But there are still many things that can be learned from tutorials, that have little to do with "how do I crack program X v 123." Pay attention to how various programers provide for the registration of their program and where they hide the information after it is registered. Is it in the win register or a file on the HD? Do you know the tools that permit you to find out what is being registered and where? Do you know what files a program is writing to your HD and where? What are the tutorials telling you that this company is using as their methods, because maybe (and maybe not) the next version will use the same system or one you read about in a tutorial about another product.

    If you really want to LEARN about RCE, keep notes and store things in an organized system on your HD or other media. You could keep tutorials on programs that use Asprotect, for example, in one place and then you can study the evolution of the protection and the methods of attack used by those with more experience and skill than your current level. In short, make it a LEARNING PROCESS, not just an attack on one program or another. Using your brain is, of cource, the best tool and the essential one in the process and you can approach this as an exercise in trying to out think the original programmer. Since a great many of the programs that are cracked are of little or not much vaule to most people, it is this intellectual challenge that the game is really all about. Lucky for us that it is generally a great deal easier, but not necessarily easy, to circumvent a protection system than it is to create a good program itself.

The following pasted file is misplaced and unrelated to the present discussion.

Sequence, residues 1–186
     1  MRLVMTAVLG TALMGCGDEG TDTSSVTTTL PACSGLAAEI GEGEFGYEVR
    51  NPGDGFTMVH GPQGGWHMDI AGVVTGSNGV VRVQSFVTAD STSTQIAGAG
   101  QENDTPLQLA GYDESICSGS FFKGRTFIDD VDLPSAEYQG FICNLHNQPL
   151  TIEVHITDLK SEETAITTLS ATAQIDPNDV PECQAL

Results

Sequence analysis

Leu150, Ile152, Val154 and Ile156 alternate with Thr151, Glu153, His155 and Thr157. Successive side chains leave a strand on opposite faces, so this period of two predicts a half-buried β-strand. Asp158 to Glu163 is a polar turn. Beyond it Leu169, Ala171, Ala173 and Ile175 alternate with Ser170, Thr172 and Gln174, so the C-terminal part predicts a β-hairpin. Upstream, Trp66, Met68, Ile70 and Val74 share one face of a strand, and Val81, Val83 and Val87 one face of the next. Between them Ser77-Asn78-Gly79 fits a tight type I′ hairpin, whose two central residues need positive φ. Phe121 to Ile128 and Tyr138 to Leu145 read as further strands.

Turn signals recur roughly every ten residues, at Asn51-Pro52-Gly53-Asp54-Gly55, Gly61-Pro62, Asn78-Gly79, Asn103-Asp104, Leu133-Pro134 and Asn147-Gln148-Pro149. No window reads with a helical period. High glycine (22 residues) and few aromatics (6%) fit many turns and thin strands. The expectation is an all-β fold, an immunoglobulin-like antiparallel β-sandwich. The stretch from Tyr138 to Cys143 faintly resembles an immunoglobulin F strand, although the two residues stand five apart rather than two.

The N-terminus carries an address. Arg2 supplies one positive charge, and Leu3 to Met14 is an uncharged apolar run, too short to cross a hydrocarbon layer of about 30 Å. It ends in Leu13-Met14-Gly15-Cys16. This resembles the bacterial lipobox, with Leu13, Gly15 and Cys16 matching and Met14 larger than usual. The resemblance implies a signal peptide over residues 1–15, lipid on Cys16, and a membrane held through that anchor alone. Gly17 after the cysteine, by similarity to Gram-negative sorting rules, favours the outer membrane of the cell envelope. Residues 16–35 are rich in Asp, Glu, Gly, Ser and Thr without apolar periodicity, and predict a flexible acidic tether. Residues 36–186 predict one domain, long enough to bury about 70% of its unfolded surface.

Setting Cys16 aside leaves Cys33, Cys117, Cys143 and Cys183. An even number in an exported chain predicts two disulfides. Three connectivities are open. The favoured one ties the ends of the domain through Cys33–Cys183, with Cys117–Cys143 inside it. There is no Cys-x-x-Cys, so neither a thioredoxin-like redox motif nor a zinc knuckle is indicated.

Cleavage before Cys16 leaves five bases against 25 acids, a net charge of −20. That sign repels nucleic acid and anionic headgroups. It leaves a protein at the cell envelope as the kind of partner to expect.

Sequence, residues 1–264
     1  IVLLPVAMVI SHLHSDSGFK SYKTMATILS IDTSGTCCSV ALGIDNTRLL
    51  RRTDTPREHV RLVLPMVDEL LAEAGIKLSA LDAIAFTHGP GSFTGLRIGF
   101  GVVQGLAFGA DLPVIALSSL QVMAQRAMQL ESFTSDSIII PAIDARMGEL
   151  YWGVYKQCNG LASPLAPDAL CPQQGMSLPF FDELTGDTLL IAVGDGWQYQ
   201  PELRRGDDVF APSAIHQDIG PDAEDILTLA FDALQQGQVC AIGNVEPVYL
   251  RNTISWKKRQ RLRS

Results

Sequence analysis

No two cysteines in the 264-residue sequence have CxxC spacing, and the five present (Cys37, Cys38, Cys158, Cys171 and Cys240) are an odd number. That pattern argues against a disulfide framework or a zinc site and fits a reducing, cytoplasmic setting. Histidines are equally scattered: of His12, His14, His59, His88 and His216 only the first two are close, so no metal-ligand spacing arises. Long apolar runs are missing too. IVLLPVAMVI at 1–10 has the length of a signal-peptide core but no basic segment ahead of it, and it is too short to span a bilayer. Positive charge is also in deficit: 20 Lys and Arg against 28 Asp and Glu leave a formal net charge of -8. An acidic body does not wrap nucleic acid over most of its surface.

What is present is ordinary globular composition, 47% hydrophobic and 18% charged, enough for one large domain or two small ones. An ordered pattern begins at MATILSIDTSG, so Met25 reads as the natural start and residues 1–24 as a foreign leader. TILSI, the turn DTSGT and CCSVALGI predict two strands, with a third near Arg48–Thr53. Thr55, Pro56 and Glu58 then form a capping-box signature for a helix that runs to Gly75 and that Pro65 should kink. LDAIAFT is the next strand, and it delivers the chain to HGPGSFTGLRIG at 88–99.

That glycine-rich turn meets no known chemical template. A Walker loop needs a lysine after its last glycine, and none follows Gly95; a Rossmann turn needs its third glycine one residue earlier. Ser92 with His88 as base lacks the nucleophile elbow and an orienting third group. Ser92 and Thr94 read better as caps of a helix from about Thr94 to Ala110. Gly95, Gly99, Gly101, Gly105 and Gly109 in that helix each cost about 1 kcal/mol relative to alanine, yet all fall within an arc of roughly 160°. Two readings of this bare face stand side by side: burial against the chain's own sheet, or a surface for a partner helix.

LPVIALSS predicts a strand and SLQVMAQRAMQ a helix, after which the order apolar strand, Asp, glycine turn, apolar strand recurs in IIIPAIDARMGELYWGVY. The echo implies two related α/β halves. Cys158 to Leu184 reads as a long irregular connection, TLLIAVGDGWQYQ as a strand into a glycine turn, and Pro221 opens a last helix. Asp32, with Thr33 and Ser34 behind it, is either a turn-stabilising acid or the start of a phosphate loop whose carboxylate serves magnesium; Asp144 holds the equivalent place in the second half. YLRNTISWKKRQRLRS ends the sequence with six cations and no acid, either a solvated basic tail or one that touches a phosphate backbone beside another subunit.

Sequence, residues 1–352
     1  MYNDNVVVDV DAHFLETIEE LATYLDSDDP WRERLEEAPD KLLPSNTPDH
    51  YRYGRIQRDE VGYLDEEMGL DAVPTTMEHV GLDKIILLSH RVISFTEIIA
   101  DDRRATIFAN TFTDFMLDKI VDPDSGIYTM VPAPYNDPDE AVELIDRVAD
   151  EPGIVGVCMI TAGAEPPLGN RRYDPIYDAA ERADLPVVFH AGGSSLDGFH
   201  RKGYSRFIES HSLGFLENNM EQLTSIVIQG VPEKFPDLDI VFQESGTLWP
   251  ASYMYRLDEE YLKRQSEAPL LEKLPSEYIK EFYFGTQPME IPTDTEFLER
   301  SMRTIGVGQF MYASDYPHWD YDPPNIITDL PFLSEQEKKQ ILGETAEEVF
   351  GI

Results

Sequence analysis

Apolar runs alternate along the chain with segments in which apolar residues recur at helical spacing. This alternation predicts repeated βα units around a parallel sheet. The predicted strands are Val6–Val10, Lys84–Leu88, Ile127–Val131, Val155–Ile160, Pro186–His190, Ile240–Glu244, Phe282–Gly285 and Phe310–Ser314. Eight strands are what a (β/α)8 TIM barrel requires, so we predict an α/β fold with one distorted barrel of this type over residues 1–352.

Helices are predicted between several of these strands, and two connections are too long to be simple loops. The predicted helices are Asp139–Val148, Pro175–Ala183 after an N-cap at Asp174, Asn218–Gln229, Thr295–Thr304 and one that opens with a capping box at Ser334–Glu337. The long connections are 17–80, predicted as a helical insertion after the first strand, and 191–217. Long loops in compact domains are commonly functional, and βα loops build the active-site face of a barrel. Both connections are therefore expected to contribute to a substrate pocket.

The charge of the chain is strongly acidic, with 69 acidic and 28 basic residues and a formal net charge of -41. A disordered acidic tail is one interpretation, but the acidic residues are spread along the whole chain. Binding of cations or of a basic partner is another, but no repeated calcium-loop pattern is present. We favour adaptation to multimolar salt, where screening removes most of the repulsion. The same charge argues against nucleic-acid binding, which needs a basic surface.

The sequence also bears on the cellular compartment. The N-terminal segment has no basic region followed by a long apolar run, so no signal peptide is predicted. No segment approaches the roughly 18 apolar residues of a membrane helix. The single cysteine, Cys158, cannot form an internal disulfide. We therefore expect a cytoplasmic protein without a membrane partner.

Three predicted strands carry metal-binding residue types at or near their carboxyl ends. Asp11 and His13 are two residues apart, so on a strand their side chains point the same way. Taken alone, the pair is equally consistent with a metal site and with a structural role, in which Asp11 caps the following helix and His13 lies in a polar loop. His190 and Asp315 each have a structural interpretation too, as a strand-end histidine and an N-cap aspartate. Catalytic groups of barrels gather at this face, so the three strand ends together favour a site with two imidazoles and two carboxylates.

Last edited by JMI; December 16th, 2001 at 20:24.

  6. #6
    Matthew, S.Holmes

    From a Newbie, some advice, since it's free you may ignore it, or you may profit from it.

    1. Using a disassembler (IDA preferred, or W32dasm fast, easy, not as powerfull as IDA) to create a DL (Dead Listing) most times is easire than using SICE at least for me!